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Saving Customers from Themselves

One of the principles that MIPRO lives by is, “Always tell your customer what they need to hear, not just what they want to hear.” We are passionate about providing real, honest observations and feedback. Sometimes we are tested to see just how far we will take that commitment.

We recently had a customer decide they wanted to move the go-live date for our project earlier by three months. Although we had a detailed project plan created by one of our senior resources with over 25 years of experience, the customer’s project manager decided to set aside the plan, eliminating steps and increasing project risk, in order to hit an earlier date.

We did not hesitate to share our concern and the potential risks associated with that decision. We delivered our honest feedback and the new date was not altered. We had done all we could do. We focused on doing everything we could to help our customer make the new date, keeping an eye open for the challenges that lay ahead.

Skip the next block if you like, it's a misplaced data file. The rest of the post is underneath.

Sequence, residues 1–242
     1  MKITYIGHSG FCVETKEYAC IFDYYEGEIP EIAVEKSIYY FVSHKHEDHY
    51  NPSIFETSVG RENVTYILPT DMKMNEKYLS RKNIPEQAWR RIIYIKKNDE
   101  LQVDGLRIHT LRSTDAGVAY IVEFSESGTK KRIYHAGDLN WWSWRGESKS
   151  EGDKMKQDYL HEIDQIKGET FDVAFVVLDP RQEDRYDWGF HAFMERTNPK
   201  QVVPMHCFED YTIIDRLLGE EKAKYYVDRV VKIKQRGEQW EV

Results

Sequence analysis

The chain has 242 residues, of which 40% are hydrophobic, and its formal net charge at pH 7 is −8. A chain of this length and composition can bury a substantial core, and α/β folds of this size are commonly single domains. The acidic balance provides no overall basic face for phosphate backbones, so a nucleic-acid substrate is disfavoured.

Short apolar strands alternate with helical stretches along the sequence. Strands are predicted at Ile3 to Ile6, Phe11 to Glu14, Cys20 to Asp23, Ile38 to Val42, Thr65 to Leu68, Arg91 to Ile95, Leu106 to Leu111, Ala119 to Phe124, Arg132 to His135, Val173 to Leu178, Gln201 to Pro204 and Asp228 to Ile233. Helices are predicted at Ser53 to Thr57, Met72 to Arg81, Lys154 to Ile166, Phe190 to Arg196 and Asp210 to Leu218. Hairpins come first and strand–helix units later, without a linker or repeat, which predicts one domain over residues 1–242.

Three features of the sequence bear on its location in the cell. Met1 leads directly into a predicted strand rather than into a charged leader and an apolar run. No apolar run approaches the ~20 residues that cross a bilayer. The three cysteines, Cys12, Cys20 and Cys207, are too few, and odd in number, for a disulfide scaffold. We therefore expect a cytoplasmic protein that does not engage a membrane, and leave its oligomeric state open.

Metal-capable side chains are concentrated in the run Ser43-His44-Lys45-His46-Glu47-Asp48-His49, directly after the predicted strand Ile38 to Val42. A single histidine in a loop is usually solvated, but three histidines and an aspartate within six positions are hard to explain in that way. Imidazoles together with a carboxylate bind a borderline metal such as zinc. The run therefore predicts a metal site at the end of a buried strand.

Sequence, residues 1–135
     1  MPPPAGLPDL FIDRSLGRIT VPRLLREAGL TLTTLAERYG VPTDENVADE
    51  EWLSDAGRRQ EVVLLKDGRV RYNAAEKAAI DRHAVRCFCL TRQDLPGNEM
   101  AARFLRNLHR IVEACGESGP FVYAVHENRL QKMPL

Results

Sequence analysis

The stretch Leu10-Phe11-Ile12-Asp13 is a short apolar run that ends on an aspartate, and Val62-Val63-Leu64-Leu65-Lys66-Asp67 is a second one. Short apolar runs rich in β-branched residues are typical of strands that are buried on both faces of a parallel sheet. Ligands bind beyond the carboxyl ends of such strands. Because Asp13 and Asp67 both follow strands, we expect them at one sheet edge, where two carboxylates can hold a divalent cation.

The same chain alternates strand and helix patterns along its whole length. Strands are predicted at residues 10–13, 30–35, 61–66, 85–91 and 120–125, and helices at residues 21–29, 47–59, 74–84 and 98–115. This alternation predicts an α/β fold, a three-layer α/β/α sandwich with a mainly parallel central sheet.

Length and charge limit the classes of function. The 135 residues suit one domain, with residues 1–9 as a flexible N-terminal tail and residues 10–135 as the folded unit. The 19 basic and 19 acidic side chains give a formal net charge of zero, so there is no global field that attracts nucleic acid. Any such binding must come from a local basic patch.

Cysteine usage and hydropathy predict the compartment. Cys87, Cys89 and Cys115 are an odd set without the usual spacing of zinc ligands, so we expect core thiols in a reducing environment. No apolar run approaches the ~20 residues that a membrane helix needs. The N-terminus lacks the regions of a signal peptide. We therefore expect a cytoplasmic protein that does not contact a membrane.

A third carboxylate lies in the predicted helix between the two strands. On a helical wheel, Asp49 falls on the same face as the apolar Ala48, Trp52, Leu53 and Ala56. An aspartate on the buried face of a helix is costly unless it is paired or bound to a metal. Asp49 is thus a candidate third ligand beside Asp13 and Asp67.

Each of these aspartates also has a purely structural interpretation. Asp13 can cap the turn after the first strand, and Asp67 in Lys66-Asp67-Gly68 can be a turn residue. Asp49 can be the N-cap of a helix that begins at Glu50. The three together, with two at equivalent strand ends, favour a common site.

We kept to our principles and did the right thing, but in this case, the candid feedback negatively impacted our relationship with the customer. In almost every other instance, the honest, candid feedback is seen as refreshing and has led to many long term, mutually beneficial relationships. In either case, we believe we should never comprise our principles.

Some things we’ve learned along the way:

  • Always be professional when providing feedback. Leave the emotion out of it. Easier said than done, but extremely important.
  • Timing is everything. As the saying goes, bad news is not like wine, it does not get better with age. Share your feedback sooner rather than later.
  • Keep the long-term end goal in mind. Minor diversions from the plan don’t always need the cavalry. Don’t become the “boy who cried wolf.”
  • Respect your customer’s wishes. Provide your feedback, but unless you are 100% responsible for delivering or you’re on a fix fee engagement, if it is the customer’s project, point out the path to success as well as the risks, then march with them.
  • Never compromise your principles.

If you ever need honest observations or feedback don’t hesitate to contact us.

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